“He saw the horrors and screamed, and that scream was heard for miles”
The world has been battered by a spate of deplorable militant Islamic attacks—17 French killed in the Charlie Hebdo attacks, over 2000 recently killed by Boko Haram in Nigeria plus nearly 300 girls kidnapped and still at large, ISIS beheading and even burning alive hostages, and the Danish attacks just this weekend. It’s beyond tragic, and it’s enough to make some doubt the future of humanity. Translated to investments, events like these increase the VIX, commonly called the “fear index” in investing parlance. As I write this, in no way do I want to diminish or trivialize the horror of these events. What has happened to the victims of these barbarians sickens me, and my heart truly aches for them and their families.
Yet, how should we think of these events in the context of investors? The answer is “not much.” History, both ancient and sadly recent, is littered with these types of tragedies and other events that violently shook the faith of investors. Yet, in each case, while the short-term may have been rocky, investors who stuck it out over the long term were rewarded by attractive returns.
I picked a few significant events, and looked at how an investor would have fared had he invested $1000 per month in the Dow Jones Industrial Average starting in the month of the event and every month thereafter for 1-year, 3-year, 5-year, 10-year, 20-year, and 30-year periods.
Nazis start WWII: In September 1939 Hitler and the Nazis invaded Poland and started World War II. Had someone started investing $1000 that month he would have a loss of $855 after one year and $4763 after three years which is understandable because the world was overtaken by war. But after five years there would be a profit of $9663, a profit of $25,564 after 10 years, a profit of $540,843 after 20 years, and a profit of $754,004 after 30 years. Entering the darkest period of the 20th century, when more soldiers were fighting than ever before, when more people were killed than ever before, when the holocaust was perpetrated and atomic bombs dropped—despite all those tragedies, it was a good time to invest.
Entering nuclear age: In August 1945 Americans dropped two atomic bombs on Hiroshima and Nagasaki, killing 200,000 Japanese civilians. After the Soviet Union developed its own nuclear capabilities in 1949, the threat of nuclear apocalypse and human extinction became a very real possibilities. However, the following years were good years to be an investor; steady investing led to profits for the 5-year, 10-year, 20-year, and 30-year periods.
Assassination of Martin Luther King, Jr: In April 1968 a racist assassin struck down the civil rights leader, plunging the nation into deadly race riots. Race relations precipitously deteriorated, and many could argue remain tragically strained. While investments would have shown a loss after 10 years, they showed a profit after 20 years and an astounding $2+ million profit after 30 years.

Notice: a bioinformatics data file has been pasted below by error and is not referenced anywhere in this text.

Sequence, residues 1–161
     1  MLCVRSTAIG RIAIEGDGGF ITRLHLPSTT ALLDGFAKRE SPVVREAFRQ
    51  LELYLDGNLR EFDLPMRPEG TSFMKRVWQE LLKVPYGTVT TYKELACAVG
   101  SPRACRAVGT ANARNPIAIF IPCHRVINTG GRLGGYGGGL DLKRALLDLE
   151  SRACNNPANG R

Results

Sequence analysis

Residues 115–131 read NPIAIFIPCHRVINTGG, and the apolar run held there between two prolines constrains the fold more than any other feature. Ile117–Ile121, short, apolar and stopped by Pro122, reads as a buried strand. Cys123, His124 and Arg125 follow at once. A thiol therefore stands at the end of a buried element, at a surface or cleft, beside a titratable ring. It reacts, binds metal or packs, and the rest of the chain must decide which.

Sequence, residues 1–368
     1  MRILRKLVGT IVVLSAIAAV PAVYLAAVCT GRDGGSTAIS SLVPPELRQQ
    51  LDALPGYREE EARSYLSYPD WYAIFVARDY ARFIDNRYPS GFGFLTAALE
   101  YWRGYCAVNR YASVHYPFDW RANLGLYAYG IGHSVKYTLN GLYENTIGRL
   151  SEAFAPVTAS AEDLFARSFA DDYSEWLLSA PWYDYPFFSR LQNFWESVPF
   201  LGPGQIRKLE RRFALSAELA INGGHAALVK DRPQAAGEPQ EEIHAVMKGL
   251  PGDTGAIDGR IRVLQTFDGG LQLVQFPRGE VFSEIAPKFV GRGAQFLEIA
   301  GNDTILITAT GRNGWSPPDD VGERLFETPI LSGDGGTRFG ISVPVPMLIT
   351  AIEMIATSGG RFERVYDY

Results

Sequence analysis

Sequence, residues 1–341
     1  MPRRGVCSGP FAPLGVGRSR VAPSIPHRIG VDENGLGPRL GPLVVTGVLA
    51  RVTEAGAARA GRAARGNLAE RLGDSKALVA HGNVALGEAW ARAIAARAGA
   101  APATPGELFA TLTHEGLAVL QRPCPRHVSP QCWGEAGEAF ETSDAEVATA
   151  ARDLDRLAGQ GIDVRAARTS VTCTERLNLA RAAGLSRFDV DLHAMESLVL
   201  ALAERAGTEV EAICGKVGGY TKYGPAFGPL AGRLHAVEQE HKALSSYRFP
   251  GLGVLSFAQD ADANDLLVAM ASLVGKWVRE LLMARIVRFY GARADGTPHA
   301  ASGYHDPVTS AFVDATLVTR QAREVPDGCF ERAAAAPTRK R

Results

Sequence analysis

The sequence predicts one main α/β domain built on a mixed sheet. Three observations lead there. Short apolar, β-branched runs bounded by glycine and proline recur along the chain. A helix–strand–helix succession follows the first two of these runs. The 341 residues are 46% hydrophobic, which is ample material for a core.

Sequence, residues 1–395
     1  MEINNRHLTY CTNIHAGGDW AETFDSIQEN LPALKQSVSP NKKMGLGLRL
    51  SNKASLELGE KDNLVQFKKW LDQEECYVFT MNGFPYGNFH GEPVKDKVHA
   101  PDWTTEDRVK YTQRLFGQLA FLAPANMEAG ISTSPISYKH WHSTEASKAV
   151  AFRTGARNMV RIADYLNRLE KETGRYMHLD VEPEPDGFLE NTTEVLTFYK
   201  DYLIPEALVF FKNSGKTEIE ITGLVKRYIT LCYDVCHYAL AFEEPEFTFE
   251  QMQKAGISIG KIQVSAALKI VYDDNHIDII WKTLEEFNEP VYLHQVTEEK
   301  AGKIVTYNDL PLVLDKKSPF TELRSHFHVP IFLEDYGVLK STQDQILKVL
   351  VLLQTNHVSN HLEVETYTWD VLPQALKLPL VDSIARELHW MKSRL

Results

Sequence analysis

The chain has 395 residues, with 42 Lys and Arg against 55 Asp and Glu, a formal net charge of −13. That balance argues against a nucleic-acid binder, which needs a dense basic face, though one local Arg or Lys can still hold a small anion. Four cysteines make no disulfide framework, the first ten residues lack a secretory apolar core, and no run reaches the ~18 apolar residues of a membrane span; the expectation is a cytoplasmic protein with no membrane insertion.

Interest rates peak: In January 1982 the US was in its worst economic situation since the Great Depression. Inflation was 12% and interest rates were at 20%, both near the highest levels in the nation’s history; to put those in perspective, today both inflation and interest rates are less than 2%. Back then the economy had never looked so bad, the stock market had been flat for nearly 20 years, and people were openly questioning whether capitalism was a viable economic system. For those brave souls who were buying stocks (and probably chased stock purchases with a swig of Pepto), it turned out to be a great time to be an investor. Every time period—1-year, 3-year, 5-year, 10-year, 20-year, and 30-year—were profitable.
The common theme is obvious: in all of those eras, investors who continued to buy stocks, no matter how scary the world looked at the moment, profited in the long run (of course past stock performance has no bearing on the future). Putting the recent Islamic terrorist events in context with some of the events we just looked at (and again, in no way trivializing or diminishing the horror of these recent attacks), it seems reasonable to assume that as investors there isn’t a lot to fear.
While the recent attacks are atrocious, they seem quite small when compared to WWII, both in terms of human costs and overall destruction. ISIS and Boko Haram have embraced barbaric practices, yet those have a destructive scope orders of magnitude smaller than the horrors of nuclear war. Sadly for citizens in Nigeria, Syria, and Iraq, the threat of these extremists is palpable, yet those countries have tiny GDPs (about 1% of the world’s GDP for those three countries combined) and proportionally small investing relevance; it just doesn’t hit close to home in the big-GDP countries the way the US riots and racial discord did in the 1960s and do today.
As a human, those attacks are deplorable and I want civilized society to do everything in its power to end them and bring the perpetrators to justice. As an investor, they are minimally important to the point of irrelevance.